IF he's is going to continue as the head coach, there's an important question Winnipeg Jets fans are likely to have of Paul Maurice.
How long is it going to take to transform the also-ran Jets -- playoff non-qualifiers for three straight seasons in Winnipeg and as a franchise, seven years in a row -- into a winning outfit?
If patience is not your thing, there's a chance you won't like his answer.
"I don't know the answer to that, to be honest with you," Maurice said Sunday, taking a break from his exit meetings with the players, their season concluded at 84 points, 37-35-10.
That did not stop him from giving two further minutes of thought on the matter.
"Kind of starting, really in some ways, from the ground floor," he said. "We'll start with the body, the physical changes we need to make, the fitness level we need to get to. We wouldn't be able to get to that in one summer. It takes a couple of years in my experience and I've been through that twice. This team is probably further ahead than one of the situations; it takes about two years. And it's organizational. It's your team but also your American League team and in the end, then you're just worried about your draft picks and you see how long it takes them to turn pro.
"The style of play? The understanding of what we want to do, the foundation of it shouldn't take too, too long but that doesn't mean you're good at it yet. And Boston is a really good example of that. They won a Cup before they got to the level... the game they're playing now is as advanced as I've seen them play. They're a better team now, I think, than when they won.
"So it'll take a while. The key is how long can you stay right on the direction, right? There's always that you fall off, the injuries, all those other things that happen to your team, pieces that you thought fit but maybe didn't fit exactly the way you want. How long it takes your young players to (get to) that level of being men. I think we made some decent strides in our defensive zone but I think we've got a long way to go there. The last week-and-a-half was when we finally started to get to our offensive zone, we got on the puck better than we had all year. So it'll take a while."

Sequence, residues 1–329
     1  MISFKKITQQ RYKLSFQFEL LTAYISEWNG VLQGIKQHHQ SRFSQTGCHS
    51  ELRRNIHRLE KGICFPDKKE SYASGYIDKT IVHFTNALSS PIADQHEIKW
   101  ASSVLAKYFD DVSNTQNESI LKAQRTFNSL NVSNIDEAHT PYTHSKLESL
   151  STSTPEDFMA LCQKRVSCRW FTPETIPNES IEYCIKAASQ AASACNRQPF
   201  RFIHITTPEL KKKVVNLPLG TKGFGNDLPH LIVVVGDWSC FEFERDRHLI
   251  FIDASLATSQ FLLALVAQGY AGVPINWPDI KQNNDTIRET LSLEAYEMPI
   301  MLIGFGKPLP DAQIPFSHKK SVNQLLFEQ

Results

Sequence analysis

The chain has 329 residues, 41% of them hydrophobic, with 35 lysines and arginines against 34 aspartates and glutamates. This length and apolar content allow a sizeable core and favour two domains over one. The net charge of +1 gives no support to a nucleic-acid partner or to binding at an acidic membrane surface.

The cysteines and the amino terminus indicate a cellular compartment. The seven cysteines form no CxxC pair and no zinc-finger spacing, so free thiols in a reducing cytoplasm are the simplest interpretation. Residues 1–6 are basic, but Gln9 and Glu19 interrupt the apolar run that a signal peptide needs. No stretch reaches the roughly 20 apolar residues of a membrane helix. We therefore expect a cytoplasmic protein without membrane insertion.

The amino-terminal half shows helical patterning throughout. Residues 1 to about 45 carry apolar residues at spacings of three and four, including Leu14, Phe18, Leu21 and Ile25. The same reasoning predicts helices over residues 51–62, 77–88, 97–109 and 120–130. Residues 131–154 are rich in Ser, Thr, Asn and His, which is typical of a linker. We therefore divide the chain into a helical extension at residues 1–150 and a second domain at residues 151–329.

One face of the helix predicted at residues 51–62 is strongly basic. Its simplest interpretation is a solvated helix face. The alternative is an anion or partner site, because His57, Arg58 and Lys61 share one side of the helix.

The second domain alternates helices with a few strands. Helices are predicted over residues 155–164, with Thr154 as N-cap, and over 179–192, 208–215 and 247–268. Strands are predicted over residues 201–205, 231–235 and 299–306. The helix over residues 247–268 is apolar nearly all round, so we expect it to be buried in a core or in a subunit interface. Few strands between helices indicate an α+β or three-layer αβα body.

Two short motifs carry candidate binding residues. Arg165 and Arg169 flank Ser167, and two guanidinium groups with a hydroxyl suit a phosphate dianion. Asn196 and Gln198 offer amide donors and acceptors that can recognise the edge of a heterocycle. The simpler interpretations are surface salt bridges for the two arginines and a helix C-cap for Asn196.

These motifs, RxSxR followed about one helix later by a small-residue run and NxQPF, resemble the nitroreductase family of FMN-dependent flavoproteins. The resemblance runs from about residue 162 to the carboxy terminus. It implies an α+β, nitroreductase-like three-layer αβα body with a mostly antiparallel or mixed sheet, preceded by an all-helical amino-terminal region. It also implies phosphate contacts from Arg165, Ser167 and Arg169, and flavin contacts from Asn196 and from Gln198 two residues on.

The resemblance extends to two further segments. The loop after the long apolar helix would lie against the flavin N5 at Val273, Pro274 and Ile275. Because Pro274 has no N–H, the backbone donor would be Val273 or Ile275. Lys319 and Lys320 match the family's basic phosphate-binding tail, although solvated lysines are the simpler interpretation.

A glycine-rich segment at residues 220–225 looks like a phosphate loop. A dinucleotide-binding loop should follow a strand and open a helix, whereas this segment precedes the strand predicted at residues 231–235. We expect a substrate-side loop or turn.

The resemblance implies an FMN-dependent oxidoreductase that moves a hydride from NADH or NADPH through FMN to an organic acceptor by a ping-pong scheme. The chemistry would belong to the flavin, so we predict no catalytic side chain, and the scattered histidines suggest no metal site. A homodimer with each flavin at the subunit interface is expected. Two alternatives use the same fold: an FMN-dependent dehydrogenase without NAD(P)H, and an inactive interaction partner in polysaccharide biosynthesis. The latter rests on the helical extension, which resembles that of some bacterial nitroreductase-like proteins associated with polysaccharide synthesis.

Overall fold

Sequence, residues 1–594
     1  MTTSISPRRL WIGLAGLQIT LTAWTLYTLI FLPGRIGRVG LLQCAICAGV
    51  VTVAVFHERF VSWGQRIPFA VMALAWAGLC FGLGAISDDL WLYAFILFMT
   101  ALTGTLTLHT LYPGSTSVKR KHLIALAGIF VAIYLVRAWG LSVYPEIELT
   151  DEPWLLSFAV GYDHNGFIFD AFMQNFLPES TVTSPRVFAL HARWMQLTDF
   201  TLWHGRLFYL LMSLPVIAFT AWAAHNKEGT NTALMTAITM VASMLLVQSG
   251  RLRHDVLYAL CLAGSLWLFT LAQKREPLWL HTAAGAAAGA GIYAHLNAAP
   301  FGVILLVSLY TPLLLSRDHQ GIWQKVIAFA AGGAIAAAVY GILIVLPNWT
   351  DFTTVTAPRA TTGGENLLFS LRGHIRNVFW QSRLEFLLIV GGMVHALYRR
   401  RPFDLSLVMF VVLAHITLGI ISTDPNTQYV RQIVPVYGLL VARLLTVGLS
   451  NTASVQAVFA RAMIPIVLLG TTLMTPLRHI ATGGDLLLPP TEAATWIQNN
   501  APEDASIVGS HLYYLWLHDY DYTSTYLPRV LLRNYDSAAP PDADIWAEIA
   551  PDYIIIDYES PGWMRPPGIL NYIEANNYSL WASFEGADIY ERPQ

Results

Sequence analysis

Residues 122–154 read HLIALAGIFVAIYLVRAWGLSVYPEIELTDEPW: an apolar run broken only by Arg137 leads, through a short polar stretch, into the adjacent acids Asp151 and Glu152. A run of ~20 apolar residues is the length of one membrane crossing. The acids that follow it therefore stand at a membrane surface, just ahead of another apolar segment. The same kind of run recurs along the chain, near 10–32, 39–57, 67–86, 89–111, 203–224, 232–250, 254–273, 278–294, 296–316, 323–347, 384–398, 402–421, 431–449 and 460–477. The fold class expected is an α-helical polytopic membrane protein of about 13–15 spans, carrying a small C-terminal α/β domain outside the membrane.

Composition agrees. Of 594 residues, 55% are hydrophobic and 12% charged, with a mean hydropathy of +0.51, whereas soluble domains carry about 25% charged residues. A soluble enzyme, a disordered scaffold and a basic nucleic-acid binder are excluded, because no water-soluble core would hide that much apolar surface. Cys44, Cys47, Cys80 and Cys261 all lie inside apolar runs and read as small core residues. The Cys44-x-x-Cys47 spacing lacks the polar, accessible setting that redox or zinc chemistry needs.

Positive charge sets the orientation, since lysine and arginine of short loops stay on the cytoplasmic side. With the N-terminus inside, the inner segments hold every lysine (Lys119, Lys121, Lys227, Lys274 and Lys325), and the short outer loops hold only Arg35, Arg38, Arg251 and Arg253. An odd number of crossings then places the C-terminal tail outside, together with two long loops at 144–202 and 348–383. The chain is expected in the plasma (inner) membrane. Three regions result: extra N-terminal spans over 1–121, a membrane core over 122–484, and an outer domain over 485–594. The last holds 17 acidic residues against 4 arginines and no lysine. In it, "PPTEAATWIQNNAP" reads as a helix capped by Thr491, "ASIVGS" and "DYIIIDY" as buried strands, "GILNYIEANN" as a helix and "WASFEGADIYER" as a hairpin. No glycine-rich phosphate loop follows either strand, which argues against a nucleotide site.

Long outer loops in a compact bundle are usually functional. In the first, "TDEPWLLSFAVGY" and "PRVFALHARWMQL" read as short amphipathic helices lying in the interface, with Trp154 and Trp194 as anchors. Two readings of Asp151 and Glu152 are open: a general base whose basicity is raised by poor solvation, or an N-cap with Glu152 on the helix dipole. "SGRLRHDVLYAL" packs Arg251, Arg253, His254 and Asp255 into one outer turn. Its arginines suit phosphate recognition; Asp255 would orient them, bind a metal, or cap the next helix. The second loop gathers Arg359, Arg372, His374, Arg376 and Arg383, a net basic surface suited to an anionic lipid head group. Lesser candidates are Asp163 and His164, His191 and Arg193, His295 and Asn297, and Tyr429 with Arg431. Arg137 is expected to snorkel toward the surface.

The other major issue for Maurice to address after the conclusion of games was about the team's worst month of the season -- March.
The Jets won in Nashville on March 1, pulling into a points tie with the eighth-place Dallas Stars, but followed that game with a six-game losing streak (0-3-3) and went on to lose 11 games (4-7-4) in the month to fall out of touch with post-season hope.
"The game changed," Maurice responded. "That was a big piece of it. It gets to a more physical, more grinding, tighter game. So we're coming away down a goal instead of up a goal. It's not like we went from winning 5-2 to losing 5-2. It was that little switch and some of that was the way the game changes."
He also said the young team was not deep enough to fully cope with injuries, which began with the loss of effective rookie centre Mark Scheifele and escalated to a half-dozen regulars.
There was a distinct break in Maurice's and the team's success. After that win in Nashville, including that game, the new coach was 11-3-1. He went 7-9-4 the rest of the way.
"In specifics, I pushed them real hard after the Nashville game in two practices," Maurice said. "I can remember walking off the ice thinking, 'That's the way we're supposed to practise and I'm just not sure we were ready to do that yet.' But it needed to happen. I wouldn't change it going back. I wouldn't change the end of this year.
"I know making the playoffs is the prize but it's not. At the end of it, for me, we got far more out of the last month-and-a-half of the season than we did in the first month-and-a-half. I learned more about the players, got an opportunity to draw some lines and explain some things and hold players to certain things that you couldn't early on. And we'll get more value going forward from the end of this hockey season than when I came in."